ARI SHAPIRO, HOST:
In the animal kingdom, humans stand out for their willingness to help each other, to help even total strangers. Scientists have been trying to understand how this unique trait evolved. And as NPR's Nell Greenfieldboyce reports, now they've found a fascinating difference between apes and humans - human babies, to be precise.
NELL GREENFIELDBOYCE, BYLINE: Human babies before they can even talk can watch social interactions and decide who's being helpful and who is mean. Christopher Krupenye says scientists have known this for about a decade after some lab studies had 6- and 10-month-old babies watch simple puppet shows. For example, one puppet - a little circle with eyes - would try and try and try to scale a hill.
CHRISTOPHER KRUPENYE: And he's either helped by the helper who pushes him up the hill or hindered by the hinderer who pushes it down the hill.
GREENFIELDBOYCE: After watching these little dramas, when babies get to choose between the puppets...
KRUPENYE: They're reliably reaching towards the helper.
GREENFIELDBOYCE: Human babies seem to be instinctively drawn towards helpers. Krupenye and a colleague at Duke University, Brian Hare, wondered if the same preference exists in an ape that has a reputation for being particularly social and friendly, the bonobo.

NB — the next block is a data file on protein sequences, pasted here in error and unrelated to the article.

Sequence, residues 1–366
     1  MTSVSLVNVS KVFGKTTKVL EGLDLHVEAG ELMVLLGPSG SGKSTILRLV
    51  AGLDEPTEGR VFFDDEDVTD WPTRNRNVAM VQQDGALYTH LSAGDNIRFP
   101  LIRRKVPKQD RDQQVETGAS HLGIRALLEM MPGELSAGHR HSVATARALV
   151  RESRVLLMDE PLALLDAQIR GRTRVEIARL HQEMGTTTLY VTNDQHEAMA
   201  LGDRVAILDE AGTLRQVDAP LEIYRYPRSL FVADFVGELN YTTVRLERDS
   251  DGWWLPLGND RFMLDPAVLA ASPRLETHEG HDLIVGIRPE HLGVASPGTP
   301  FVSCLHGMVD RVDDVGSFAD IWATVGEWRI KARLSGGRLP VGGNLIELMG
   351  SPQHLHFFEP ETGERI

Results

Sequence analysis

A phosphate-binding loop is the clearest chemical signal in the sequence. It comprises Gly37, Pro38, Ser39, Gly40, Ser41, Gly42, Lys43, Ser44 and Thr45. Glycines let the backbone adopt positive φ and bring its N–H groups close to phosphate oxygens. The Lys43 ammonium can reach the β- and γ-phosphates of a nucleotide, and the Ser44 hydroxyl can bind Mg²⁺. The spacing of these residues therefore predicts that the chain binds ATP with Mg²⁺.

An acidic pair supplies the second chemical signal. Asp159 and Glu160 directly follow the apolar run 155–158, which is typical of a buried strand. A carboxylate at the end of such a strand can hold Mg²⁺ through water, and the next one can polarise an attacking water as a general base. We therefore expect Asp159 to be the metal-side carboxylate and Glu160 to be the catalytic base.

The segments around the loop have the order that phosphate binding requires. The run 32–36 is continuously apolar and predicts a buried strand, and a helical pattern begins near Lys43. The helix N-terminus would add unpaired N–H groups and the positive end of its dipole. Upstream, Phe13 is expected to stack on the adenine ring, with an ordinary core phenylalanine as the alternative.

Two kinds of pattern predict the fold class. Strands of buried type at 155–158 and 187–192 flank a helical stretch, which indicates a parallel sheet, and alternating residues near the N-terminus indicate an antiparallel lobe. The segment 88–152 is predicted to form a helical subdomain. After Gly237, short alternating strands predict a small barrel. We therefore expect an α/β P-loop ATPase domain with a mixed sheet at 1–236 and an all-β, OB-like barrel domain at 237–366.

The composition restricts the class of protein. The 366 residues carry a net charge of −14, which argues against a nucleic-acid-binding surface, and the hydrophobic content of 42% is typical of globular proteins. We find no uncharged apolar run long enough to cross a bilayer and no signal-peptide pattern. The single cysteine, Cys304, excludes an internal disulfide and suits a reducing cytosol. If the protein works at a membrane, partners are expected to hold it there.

KRUPENYE: Bonobos are one of our two closest relatives along with chimps.
GREENFIELDBOYCE: The researchers designed a series of experiments for bonobos that were very similar to the experiments done with human infants. But the bonobos did not respond like the babies did. They did not reach out towards helpers.
KRUPENYE: Perhaps strikingly, we found exactly the opposite. The bonobos weren't very interested in the helper. Instead they consistently chose the one that was blocking or thwarting the other individual's goal.
GREENFIELDBOYCE: The results are reported in the journal Current Biology. Why bonobos would prefer jerks might not be obvious to most humans. But Krupenye says bonobos seem to interpret non-unhelpful behavior as a sign of dominance, and dominant bonobos control food and mating opportunities.
KRUPENYE: They're attracted to an individual who might be a powerful friend or ally as opposed to someone who's just generally helpful or pleasant.
GREENFIELDBOYCE: He says a next step will be to look at this in chimps. If chimps behave in the same way as bonobos, that would be strong evidence that humans hardwired love of helpers is unique and evolved within the last 6 million years. Nell Greenfieldboyce, NPR News.
NPR transcripts are created on a rush deadline by Verb8tm, Inc., an NPR contractor, and produced using a proprietary transcription process developed with NPR. This text may not be in its final form and may be updated or revised in the future. Accuracy and availability may vary. The authoritative record of NPR’s programming is the audio record.